Tuesday, September 20, 2011

New York Cotton Exchange

I can admit to not knowing much about the New York Cotton Exchange so you're better served reading it's wikipedia entry. Also, click on the photos to enlarge the detail on them.

image source: usslave.blogspot.com

image source gutenberg.org

Relatedly, it might be of interest for some of the book Speculation as a Fine Art and Thoughts on Life by Dickson Watts who was the President of the Cotton Exchange from 1878-1890.
Dickson G Watts-Speculation as a Fine Art and Thoughts on Life-En
There is also a facebook group for people who worked on the New York Cotton Exchange which also has additional photos of the trading pits. 

McDonald's 1989 commercial filmed at CME

The above commercial aired during the Super Bowl in 1989, ironically at about the same time that the FBI were concluding Operation Hedge Clipper and Sour Mash to combat corruption on the exchange floor.  The commercial was filmed on the lower trading floor at the CME and it seems that most of those featured were paid actors rather than locals.  For whatever reason, many in the commercial had trading badges which read LBC and one I saw read MAC. 

Friday, September 16, 2011

For the weekend

Seeing that trading is almost done for the week, I wanted to make sure everyone is prepared w/proper hand signals while out at the bar such as the ones above.  The entire slate is linked here at Modern Drunkard Magazine:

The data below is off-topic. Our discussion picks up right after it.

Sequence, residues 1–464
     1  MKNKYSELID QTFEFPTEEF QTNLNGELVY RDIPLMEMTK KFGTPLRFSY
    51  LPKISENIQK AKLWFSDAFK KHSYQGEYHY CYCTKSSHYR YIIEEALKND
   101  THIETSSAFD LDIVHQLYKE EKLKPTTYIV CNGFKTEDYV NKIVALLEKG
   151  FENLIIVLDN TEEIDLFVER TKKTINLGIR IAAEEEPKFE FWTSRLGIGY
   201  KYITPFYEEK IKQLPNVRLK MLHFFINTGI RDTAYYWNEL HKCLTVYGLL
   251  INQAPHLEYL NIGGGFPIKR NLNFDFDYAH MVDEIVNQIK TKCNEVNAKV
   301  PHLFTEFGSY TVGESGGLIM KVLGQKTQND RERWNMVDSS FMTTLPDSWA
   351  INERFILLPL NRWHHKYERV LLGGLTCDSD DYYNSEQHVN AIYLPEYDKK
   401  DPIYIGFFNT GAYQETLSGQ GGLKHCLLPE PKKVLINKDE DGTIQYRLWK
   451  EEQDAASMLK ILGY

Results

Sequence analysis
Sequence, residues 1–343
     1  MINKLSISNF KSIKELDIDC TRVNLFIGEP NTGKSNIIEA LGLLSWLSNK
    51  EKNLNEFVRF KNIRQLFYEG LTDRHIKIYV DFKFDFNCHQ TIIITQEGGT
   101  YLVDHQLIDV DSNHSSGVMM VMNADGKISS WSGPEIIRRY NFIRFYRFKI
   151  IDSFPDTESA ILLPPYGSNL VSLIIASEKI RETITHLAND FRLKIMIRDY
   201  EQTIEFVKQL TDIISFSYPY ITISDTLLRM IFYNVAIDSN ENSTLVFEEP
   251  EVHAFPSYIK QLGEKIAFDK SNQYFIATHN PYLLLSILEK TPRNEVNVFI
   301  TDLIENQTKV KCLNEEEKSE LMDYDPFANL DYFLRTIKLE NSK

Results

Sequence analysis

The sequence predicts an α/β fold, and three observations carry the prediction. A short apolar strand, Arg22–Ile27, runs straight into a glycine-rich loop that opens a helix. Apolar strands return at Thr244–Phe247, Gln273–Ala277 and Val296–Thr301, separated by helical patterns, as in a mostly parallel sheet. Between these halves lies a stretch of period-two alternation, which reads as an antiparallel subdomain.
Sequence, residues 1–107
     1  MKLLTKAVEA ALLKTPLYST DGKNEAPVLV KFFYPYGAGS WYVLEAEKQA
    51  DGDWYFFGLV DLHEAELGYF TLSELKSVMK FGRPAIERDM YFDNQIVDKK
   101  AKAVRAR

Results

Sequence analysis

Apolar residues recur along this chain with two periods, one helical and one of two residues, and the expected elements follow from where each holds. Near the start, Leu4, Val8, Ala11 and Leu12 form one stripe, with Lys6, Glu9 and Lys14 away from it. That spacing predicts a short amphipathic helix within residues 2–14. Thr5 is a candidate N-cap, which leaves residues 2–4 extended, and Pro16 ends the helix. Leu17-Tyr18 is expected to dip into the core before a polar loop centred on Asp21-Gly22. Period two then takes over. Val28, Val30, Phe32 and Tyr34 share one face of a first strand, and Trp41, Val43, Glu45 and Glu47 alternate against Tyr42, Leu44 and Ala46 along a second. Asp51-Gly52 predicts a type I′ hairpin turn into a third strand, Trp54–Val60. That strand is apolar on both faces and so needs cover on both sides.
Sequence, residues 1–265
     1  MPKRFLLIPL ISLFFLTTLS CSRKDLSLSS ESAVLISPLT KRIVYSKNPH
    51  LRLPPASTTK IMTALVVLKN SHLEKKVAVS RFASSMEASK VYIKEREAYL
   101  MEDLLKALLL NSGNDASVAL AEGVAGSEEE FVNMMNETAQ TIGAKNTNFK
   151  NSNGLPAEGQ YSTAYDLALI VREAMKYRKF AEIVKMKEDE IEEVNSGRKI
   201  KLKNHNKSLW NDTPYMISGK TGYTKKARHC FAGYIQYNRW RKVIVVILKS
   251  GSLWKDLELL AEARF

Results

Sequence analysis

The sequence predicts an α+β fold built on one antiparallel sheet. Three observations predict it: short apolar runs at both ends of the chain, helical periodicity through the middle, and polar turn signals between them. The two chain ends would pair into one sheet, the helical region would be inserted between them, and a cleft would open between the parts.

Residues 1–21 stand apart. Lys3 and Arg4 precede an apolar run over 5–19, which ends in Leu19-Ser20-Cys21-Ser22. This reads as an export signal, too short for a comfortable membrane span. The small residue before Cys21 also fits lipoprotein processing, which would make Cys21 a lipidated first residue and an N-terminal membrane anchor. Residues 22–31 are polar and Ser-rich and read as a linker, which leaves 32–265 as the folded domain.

Bar Signs: When words come out, whiskey can't get in.  Remove the roadblocks to drinking success with this arsenal of non-verbal communication.

Of course at the American Liquor Exchange, pictured in 1933 from a picture I own, it always feels like the weekend.  Too bad this exchange didn't last too long because it would've been really useful for my attempt to corner the supply of Lagavulin 21 which has more than tripled in price since buying my stash a few years ago.

Thursday, September 15, 2011


Today's surprise announcement of central bank coordination brought to mind surprise announcements in the past and the most memorable one for me was October 15, 1998 when the Fed cut interest rates just after the bond market closed.  The graphic above of what I saw on the KCBT wall boards was eternally burned into my mind as a result.

Back in 1998 I started out like most at the KCBT as a pit reporter and remember being assigned to work the lightly traded Western Natual Gas contract late that day in October.  Being a pit reporter for the natural gas or Value Line stock index (both no longer trade) was a pretty boring job and most of my days were spent reading magazines, bugging traders for their opinion or looking at charts on CQG.  At the time there was plenty to watch in the market as the Long Term Capital saga was unfolding which lead the Fed to a surprise interest rate cut at 2:14pm CST one day.